The weekslong search for a missing University of Virginia student appears to have come to a sad end with the announcement by police officials that they have discovered human remains that could be hers.
Further forensic tests are needed to confirm whether the remains are those of 18-year-old Hannah Graham, but Graham's parents were notified of the preliminary findings, Charlottesville Police Chief Timothy Longo told a news conference Saturday, shortly after the discovery was made.
A volunteer search for Graham that had been planned for Sunday has been canceled so law enforcement can turn their attention to the new evidence, officials from the Albemarle County Police Department said.
Longo said a search team from the Chesterfield County Sheriff's Office found the remains Saturday on an abandoned property in southern Albemarle County — the same region where police found the body of 20-year-old Virginia Tech student Morgan Harrington three months after she vanished in 2009.
A law enforcement source told the Richmond Times-Dispatch that there is a DNA link between Harrington and Jesse Leroy Matthew, Jr., who has been charged with abduction with intent to defile Graham. A preliminary hearing is set for Dec. 4 on the charge. In the meantime, Matthew is being held in the Albemarle-Charlottesville Regional Jail.
Last month, after arresting a suspect in Graham's disappearance, police said they found a "forensic link" between the two cases.
Thousands of volunteers had searched for the 18-year-old Graham in the weeks since her disappearance Sept. 13.
"Countless hours, thousands of hours, have been spent by literally hundreds of law enforcement, civilian volunteers in an effort to find Hannah," Longo said. "We think perhaps today proved their worth."
Albermarle County Police are now taking over the investigation. County Police Chief Steve Sellers said anyone who may have seen suspicious activity in the area or may have seen someone who fits Matthew's description in the area after Graham's disappearance, should contact police.
"Today's discovery is a significant development and we have a great deal of work ahead of us," Sellers said. "We cannot and we will not jump to any conclusions regarding today's discovery, so I ask for the public's patience as we move forward and pursue what is now a new ongoing death investigation."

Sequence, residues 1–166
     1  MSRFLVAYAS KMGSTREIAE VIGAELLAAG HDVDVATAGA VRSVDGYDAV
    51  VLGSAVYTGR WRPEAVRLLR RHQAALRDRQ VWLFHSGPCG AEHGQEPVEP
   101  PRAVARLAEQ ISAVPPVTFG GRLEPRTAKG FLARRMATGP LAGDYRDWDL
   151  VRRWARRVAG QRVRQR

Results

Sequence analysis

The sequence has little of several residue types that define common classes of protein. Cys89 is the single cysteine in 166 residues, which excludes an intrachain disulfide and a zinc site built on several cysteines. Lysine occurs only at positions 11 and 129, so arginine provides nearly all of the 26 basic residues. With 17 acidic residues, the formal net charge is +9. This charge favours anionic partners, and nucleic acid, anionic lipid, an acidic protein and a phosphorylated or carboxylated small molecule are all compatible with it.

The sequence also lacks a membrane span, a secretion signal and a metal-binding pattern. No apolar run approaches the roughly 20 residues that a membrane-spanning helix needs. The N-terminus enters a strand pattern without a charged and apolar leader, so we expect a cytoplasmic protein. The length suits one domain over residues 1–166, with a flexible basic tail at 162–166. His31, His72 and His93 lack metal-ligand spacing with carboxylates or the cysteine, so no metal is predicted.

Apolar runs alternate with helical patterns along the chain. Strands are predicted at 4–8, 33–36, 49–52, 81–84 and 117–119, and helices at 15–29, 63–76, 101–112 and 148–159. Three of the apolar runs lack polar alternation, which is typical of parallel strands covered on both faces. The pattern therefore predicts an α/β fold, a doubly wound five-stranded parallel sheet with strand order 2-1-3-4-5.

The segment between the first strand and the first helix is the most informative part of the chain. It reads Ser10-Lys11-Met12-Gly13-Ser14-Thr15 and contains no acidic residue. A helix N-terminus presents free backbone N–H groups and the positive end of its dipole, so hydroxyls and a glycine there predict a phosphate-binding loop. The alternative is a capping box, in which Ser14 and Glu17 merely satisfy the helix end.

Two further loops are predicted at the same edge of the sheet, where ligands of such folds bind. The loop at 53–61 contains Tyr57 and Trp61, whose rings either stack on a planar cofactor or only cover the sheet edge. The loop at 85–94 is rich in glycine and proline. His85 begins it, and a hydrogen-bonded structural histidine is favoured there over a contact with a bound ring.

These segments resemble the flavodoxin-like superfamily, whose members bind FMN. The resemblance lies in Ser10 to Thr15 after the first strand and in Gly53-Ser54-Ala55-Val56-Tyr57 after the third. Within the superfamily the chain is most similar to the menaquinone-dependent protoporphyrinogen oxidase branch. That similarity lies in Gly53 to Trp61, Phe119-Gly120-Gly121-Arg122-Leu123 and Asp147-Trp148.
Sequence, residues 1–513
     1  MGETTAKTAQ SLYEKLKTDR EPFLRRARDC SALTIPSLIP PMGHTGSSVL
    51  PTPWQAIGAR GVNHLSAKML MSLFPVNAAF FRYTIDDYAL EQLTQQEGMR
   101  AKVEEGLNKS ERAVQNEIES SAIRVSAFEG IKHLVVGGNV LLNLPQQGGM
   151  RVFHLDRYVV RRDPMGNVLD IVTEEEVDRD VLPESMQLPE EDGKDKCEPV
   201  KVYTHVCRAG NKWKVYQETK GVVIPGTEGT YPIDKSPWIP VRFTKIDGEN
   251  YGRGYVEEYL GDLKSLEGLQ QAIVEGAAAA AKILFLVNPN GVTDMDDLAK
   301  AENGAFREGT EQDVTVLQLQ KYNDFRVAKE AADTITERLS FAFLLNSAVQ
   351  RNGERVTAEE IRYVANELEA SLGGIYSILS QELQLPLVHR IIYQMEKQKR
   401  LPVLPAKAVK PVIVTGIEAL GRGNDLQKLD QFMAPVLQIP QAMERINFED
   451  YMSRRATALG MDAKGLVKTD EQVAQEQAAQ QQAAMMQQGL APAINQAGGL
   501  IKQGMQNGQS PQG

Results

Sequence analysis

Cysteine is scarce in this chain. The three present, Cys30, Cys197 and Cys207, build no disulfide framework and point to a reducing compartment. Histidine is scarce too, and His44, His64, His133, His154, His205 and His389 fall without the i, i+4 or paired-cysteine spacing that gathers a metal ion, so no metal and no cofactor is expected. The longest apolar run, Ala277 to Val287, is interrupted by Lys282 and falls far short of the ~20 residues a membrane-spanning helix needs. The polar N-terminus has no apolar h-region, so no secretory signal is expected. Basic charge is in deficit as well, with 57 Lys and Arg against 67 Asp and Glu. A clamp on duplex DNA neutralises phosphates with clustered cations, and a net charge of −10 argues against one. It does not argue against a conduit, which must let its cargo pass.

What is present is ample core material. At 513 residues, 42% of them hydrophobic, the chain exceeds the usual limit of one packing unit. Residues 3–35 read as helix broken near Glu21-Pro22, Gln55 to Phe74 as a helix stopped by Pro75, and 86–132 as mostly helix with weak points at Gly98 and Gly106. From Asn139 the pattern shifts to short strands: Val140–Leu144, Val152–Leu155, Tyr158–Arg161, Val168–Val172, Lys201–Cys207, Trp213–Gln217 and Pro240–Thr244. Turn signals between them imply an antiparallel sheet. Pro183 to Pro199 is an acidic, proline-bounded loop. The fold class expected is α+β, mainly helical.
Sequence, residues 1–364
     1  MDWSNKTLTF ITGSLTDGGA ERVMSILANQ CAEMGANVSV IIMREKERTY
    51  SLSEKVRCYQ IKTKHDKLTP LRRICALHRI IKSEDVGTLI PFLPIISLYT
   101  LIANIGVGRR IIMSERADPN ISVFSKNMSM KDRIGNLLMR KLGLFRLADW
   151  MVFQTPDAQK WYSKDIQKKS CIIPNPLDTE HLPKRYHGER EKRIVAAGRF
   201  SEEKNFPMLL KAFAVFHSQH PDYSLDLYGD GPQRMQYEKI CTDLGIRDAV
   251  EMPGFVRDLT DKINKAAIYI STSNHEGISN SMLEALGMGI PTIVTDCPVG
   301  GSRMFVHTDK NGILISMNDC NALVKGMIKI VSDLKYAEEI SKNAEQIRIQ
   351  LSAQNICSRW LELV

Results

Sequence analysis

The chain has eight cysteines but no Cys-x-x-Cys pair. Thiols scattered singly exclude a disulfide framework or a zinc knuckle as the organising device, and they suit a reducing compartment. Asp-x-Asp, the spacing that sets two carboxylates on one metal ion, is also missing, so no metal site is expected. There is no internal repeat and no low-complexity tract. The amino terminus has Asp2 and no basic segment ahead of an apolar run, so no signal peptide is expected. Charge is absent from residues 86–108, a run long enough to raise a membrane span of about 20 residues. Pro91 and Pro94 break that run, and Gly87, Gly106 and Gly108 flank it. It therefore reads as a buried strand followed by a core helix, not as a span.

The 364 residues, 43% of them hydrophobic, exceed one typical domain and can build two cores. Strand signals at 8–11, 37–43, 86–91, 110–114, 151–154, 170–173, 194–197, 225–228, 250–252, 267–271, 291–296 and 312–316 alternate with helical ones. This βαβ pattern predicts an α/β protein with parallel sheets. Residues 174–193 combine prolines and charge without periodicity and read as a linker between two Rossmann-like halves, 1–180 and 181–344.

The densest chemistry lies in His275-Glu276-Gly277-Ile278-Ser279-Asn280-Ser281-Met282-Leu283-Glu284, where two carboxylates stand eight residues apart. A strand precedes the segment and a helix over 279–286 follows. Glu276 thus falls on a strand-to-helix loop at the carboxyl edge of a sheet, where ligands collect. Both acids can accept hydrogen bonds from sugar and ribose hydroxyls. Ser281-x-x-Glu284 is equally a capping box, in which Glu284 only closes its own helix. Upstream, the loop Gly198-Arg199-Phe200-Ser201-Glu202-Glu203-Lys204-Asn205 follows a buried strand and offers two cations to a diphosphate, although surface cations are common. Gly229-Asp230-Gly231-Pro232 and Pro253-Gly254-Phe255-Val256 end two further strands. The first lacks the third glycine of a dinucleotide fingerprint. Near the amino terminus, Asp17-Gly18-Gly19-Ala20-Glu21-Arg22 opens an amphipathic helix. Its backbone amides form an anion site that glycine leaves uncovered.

Police officials Saturday afternoon had blocked the road leading to the site where the remains were found.
Surveillance videos captured some of what Graham did the night she vanished. Authorities say she met friends at a restaurant for dinner Sept. 12 before stopping by two parties at off-campus housing units. She left the second party alone and eventually texted a friend saying she was lost, authorities said.
She can be seen walking unsteadily and even running at times, past a pub and a service station and then onto a seven-block pedestrian strip that includes the Tempo Restaurant.
Tempo Restaurant owner Brice Cunningham has said Graham appeared to be incapacitated as she walked away with Matthew. Police have said they have no reason to believe she and Matthew knew each other before their encounter.
Matthew, an operating room technician at the university's hospital who sometimes drives a taxi, had been drinking at the bar earlier that night before he encountered Graham, Cunningham has said.
A week after Graham went missing, Longo publicly described Matthew in detail without naming him, saying investigators wanted to talk to the "person of interest" and had searched his apartment because he was the last person to see her.
Matthew showed up at police headquarters, asked for a lawyer, and then sped away, according to a police account. His exit prompted a warrant for "reckless driving," a charge that Longo cited as he named the suspect and appealed for information from anyone who saw him with Graham the night she disappeared.
Matthew was arrested a few days later in Galveston, Texas.
While Matthew was a fugitive in Texas, Virginia police added a charge of abduction with intent to defile, a violent felony that under Virginia law compels suspects to submit to DNA testing.
Very quickly thereafter, Virginia State Police announced a "forensic link" to Harrington's killing. That case, in turn, has been linked by DNA evidence since 2012 to the rape of a woman in Fairfax, Virginia, who survived after a passer-by startled her attacker, the FBI has said.
Following Matthew's arrest, Christopher Newport University released a statement noting that he had been named in a police file involving a Sept. 7, 2003 sexual assault on the Newport News campus. Matthew was a student there from January 2003 through Oct. 15, 2003.
Matthew had transferred to CNU after three years at Liberty University, where he also was briefly on the football team.
When he was at Liberty University, he was accused of raping a student on campus. That charge was dropped when the person declined to move forward with prosecution, Lynchburg Commonwealth's Attorney Michael Doucette said.